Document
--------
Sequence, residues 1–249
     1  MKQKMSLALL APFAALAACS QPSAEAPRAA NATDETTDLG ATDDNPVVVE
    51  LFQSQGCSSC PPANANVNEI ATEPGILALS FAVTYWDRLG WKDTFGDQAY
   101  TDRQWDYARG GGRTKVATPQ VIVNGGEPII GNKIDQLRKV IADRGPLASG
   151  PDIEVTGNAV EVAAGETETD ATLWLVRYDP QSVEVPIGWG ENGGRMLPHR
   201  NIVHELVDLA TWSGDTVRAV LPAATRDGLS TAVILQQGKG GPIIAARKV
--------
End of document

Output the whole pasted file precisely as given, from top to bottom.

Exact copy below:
Sequence, residues 1–249
     1  MKQKMSLALL APFAALAACS QPSAEAPRAA NATDETTDLG ATDDNPVVVE
    51  LFQSQGCSSC PPANANVNEI ATEPGILALS FAVTYWDRLG WKDTFGDQAY
   101  TDRQWDYARG GGRTKVATPQ VIVNGGEPII GNKIDQLRKV IADRGPLASG
   151  PDIEVTGNAV EVAAGETETD ATLWLVRYDP QSVEVPIGWG ENGGRMLPHR
   201  NIVHELVDLA TWSGDTVRAV LPAATRDGLS TAVILQQGKG GPIIAARKV